RSKU Redux

Iran Buys Harvard Help

"When you're working in a totalitarian country--and Iran is a totalitarian country--you have to judge whether your effort is increasing the totalitarianism or if it is helping to open up the country," says Dr. Chase N. Peterson '52, vice president for alumni affairs and development.

If nothing else, Iran has, of late, repeatedly shown a willingness to open up its pocketbook to finance improvement projects deemed worthy by its regime. It was not surprising to learn this week that Harvard has signed its second contract--this time for $425,000--with the Iranian government for the development of a master plan for Reza Shah Kabir University, a proposed 500-student graduate facility in the middle of an Iranian national forest.

Harvard has already received $400,000 from the Iranian government for drawing up theoretical plans for Reza Shah Kabir, and the new contract represents a feeling on the part of the Iranians that Harvard's planners are the best men for the job. And Harvard is resolutely brushing whatever ideological differences it may have with the Iranian regime under the rug.

"If you restricted yourself to non-totalitarian regimes," says Peterson, "you'd only be able to deal with England, France, Germany, two or three South American countries, and that's it. We have to have a positive attitude. If you keep your high standards and it doesn't succeed, you abandon it."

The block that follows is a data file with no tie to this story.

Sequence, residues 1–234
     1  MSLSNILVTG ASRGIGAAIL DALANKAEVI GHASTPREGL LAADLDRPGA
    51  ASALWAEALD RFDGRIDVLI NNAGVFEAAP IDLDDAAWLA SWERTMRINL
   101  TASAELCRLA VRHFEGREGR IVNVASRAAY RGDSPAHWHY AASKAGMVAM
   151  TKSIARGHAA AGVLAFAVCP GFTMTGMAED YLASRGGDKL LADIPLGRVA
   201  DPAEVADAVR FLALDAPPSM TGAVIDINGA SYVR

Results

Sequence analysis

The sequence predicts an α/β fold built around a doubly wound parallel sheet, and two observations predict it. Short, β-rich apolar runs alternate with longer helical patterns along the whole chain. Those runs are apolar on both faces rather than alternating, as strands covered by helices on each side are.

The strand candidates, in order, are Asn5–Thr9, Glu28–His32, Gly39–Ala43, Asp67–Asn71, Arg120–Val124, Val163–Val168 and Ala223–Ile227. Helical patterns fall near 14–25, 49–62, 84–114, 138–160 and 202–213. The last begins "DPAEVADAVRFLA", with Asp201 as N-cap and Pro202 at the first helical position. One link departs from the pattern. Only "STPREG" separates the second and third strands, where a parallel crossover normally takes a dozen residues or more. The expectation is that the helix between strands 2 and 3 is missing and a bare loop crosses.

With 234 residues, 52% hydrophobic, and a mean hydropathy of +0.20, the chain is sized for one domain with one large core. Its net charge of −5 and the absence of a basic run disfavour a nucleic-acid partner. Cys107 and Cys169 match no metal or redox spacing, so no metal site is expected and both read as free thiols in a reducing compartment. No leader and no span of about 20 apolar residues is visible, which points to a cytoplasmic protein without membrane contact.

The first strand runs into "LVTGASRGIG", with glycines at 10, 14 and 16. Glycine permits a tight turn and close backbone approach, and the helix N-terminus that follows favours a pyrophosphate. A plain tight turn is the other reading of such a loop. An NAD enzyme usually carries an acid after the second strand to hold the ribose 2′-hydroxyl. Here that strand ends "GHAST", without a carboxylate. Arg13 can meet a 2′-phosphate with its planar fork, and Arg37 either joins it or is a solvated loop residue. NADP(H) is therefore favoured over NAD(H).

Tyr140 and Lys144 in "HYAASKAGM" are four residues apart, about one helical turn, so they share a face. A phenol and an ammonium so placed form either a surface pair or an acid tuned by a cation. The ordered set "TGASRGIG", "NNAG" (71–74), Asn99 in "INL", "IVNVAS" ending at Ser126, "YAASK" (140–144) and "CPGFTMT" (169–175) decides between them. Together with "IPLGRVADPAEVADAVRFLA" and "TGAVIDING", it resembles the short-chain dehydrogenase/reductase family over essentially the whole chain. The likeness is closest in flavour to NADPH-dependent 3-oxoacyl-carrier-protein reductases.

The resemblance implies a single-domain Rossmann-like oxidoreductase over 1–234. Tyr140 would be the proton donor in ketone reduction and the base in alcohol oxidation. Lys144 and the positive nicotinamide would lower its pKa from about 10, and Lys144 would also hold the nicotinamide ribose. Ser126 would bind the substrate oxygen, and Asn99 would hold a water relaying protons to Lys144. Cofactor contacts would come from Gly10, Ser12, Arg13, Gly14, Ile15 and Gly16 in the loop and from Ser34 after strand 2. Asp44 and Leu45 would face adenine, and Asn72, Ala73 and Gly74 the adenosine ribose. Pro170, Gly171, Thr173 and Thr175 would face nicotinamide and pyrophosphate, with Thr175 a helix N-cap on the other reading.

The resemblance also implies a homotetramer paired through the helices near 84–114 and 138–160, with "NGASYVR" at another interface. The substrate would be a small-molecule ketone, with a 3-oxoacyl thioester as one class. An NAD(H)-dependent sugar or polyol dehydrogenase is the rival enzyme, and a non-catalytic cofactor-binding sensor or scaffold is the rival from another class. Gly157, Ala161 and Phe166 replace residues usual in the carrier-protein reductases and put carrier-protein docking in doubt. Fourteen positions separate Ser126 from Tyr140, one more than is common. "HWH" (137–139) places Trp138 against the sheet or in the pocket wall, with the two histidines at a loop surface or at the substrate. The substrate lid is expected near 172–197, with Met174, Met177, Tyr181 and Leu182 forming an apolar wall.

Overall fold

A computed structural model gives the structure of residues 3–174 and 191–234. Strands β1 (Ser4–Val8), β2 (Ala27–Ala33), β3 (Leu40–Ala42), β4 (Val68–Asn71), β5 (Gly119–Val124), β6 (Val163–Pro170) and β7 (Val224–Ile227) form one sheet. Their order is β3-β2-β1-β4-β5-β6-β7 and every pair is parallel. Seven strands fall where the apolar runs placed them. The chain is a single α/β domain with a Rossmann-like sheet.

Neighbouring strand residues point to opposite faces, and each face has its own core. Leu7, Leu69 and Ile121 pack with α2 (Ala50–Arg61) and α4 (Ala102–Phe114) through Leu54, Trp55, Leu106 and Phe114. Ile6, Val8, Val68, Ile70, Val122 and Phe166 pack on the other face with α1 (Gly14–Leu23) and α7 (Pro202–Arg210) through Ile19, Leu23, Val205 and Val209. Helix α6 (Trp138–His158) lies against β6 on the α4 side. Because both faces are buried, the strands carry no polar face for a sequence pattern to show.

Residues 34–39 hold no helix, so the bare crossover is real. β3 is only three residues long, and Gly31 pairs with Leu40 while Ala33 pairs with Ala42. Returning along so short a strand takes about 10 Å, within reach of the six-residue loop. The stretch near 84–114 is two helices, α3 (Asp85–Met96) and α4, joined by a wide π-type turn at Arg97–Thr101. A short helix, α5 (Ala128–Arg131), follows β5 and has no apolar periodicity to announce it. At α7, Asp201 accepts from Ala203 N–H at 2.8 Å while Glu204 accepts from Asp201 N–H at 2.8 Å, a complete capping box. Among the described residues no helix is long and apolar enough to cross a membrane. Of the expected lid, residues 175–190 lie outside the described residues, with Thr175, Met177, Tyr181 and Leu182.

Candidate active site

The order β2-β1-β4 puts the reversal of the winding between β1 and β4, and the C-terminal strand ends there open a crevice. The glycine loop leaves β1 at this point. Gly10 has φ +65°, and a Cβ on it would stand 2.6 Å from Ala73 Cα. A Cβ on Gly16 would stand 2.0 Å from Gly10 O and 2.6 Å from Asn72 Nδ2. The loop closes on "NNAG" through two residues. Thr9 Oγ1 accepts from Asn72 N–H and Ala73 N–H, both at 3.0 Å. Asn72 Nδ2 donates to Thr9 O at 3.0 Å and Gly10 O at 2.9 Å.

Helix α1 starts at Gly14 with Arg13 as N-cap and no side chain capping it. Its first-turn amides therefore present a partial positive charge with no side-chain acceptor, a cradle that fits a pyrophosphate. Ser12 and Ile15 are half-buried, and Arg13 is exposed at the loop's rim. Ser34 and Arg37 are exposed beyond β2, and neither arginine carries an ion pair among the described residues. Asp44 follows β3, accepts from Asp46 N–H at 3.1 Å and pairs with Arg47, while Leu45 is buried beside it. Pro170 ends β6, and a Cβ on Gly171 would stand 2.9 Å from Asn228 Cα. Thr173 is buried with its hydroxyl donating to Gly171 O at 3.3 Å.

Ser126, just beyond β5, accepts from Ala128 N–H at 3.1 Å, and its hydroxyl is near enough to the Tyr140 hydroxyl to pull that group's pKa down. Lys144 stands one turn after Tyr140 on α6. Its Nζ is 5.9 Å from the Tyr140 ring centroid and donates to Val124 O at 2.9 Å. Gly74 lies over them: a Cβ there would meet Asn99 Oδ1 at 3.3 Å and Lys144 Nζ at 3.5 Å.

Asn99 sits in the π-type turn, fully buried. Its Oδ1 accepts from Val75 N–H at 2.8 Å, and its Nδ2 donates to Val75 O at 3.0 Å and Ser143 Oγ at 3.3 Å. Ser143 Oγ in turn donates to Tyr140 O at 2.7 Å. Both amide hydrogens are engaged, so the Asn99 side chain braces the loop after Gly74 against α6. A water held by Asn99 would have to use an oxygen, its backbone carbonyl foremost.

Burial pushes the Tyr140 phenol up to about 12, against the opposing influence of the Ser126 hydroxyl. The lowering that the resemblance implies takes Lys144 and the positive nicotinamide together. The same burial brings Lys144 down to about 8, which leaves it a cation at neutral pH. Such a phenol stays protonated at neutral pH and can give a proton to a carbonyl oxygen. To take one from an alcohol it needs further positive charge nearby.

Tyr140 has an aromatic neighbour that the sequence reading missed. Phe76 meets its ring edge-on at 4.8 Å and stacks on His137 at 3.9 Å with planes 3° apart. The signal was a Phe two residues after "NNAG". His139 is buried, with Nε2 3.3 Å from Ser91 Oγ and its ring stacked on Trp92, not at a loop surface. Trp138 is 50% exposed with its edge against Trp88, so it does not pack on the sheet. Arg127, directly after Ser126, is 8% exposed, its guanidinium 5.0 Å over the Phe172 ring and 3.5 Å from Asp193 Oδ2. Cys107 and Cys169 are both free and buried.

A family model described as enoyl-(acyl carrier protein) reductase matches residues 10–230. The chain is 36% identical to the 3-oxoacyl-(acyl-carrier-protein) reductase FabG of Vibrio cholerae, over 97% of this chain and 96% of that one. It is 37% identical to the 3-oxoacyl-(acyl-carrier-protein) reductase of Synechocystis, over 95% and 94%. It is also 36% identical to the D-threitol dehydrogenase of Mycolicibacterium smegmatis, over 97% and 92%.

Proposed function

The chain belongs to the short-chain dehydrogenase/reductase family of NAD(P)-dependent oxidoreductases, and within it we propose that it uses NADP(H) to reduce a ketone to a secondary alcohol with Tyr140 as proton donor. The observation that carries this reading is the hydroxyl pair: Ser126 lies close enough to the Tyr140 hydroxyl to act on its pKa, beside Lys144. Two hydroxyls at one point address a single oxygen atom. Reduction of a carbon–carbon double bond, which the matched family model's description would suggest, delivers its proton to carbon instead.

Frederick H. Abernathy, McKay Professor of Mechanical Engineering, says the new agreement basically authorizes Harvard "to continue what we have already started."


The new master plan authorized by the new contract will only establish general guidelines for a non-Harvard architect. "Harvard's involvement beyond the master plan would be zero, Abernathy says.

And Edward L. Keenan Jr. '57, professor of History and a member of the nine-man governing board of Reza Shah Kabir, said the Iranian government "was apparently happy with the general things that Harvard did, so they wanted them to do more."

Planning Office chief Harold L. Goyette, who will head up the new Iranian university project, has already been dispatched to Teheran to begin work.

"Iran is one of the few countries in need of educational assistance which by the luck of history happens to have the funds to pay for it," says Peterson. "If the University could play some role in developing an institution in a country--regardless of its regime--along the lines of free inquiry, then it would be a huge step forward for both countries."